This phenomenon is part of a progressive deterioration of French-Israeli relations that began shortly after World War II. After the Algerian War ended in 1962, the official direction of French foreign policy seemed to be a restoration of French-Arab relations. While this decision did not immediately translate into a worsening of relations with Israel, it did make a full endorsement of the new Jewish state a risky political move.

Relations deteriorated to the point of no return in 1967 during the Six-Day War. When Abdel Nasser announced the blockade of the Gulf of Aqaba on May 22, France warned all countries involved that the first to open fire would be considered the conflict’s initiator. On June 5, Israeli forces triggered hostilities and, that same day, the French government announced an embargo on arms to belligerents, which primarily affected Israel. On November 27, 1967, De Gaulle gave a famous press conference which harbored many of the dangerous anti-Semitic currents that we would see arise in anti-Israel criticism in years to come: he asked himself if, “Jews, hitherto scattered, but that had remained what they had been at all points in times, that is to say an elite people, sure of themselves and domineering”… “would not once again convert into ardent and conquering ambitions the very moving wishes they spent nineteen centuries forming.” The French government now portrayed Jews as aggressive antagonists with territorial ambitions.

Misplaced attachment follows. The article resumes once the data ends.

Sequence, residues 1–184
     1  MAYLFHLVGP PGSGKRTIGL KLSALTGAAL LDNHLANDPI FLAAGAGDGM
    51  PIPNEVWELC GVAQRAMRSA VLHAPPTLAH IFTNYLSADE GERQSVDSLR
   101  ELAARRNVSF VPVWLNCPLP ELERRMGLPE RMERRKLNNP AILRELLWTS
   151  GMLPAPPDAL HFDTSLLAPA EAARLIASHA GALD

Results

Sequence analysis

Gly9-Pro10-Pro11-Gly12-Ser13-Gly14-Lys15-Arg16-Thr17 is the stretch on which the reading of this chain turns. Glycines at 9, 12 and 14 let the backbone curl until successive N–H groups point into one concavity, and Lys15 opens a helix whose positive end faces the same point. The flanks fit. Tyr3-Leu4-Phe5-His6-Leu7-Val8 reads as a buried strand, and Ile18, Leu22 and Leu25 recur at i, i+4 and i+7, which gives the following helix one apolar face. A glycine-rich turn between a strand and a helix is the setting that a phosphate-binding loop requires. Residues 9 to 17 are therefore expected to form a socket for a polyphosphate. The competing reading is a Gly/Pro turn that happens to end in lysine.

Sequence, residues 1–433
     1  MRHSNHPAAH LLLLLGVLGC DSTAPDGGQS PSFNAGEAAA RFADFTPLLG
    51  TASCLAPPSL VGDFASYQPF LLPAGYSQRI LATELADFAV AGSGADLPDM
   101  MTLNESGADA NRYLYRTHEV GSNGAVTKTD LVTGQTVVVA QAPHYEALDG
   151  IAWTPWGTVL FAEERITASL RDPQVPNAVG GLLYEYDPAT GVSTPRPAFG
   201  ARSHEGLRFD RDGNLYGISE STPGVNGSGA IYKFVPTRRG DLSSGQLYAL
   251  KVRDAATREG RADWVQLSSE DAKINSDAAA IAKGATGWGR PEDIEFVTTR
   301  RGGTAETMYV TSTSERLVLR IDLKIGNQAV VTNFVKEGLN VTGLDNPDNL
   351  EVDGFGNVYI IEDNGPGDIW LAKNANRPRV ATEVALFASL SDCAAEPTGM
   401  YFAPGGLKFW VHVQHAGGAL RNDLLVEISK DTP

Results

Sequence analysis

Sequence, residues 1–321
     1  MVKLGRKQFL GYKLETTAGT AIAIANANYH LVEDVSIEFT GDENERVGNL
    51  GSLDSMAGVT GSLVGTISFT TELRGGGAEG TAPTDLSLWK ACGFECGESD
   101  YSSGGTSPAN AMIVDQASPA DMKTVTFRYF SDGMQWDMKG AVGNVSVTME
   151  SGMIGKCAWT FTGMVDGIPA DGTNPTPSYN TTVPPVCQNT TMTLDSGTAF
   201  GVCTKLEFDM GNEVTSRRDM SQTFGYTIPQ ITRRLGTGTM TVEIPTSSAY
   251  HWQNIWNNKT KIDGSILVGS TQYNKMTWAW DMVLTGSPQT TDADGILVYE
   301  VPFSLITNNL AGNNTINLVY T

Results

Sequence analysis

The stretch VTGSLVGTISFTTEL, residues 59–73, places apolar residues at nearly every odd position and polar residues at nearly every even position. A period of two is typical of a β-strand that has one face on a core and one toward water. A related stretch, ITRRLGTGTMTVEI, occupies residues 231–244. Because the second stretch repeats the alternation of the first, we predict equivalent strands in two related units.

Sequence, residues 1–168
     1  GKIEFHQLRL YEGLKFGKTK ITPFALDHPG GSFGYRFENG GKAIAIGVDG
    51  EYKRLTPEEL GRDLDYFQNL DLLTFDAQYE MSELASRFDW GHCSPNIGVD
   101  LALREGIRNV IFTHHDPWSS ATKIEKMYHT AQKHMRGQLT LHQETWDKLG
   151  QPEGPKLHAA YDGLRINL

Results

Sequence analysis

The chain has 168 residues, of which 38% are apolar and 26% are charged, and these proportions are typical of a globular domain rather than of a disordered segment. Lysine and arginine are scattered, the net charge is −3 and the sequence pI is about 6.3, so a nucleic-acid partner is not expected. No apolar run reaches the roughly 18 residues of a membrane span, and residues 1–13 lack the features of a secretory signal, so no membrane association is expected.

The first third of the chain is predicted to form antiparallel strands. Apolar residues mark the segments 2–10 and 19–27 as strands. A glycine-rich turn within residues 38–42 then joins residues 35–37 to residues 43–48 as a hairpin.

This importation of the conflict had huge security ramifications in France; after the impressive but unexpected victory of the Israeli army in the 1967 War, Palestinian combatants realized they could not rely solely on Arab states. They opted for a strategy that internationalization of the conflict, using violent means of international terrorism to bring attention to their plight. Unfortunately, Europe was the theatre for much of that initial violence. In January 1975, for example, two rocket attacks targeted Israeli planes stationed at Orly airport in Paris. In 1980, the attack against the Copernic synagogue on the night of Shabbat caused 4 deaths and 46 injuries. The violence took place on both sides, as Israeli forces did not hesitate to retaliate on French soil, going as far as assassinating Palestinian officials, such as the representative of the PLO Mahmoud Hamshari during Mossad’s covert Operation Wrath of God.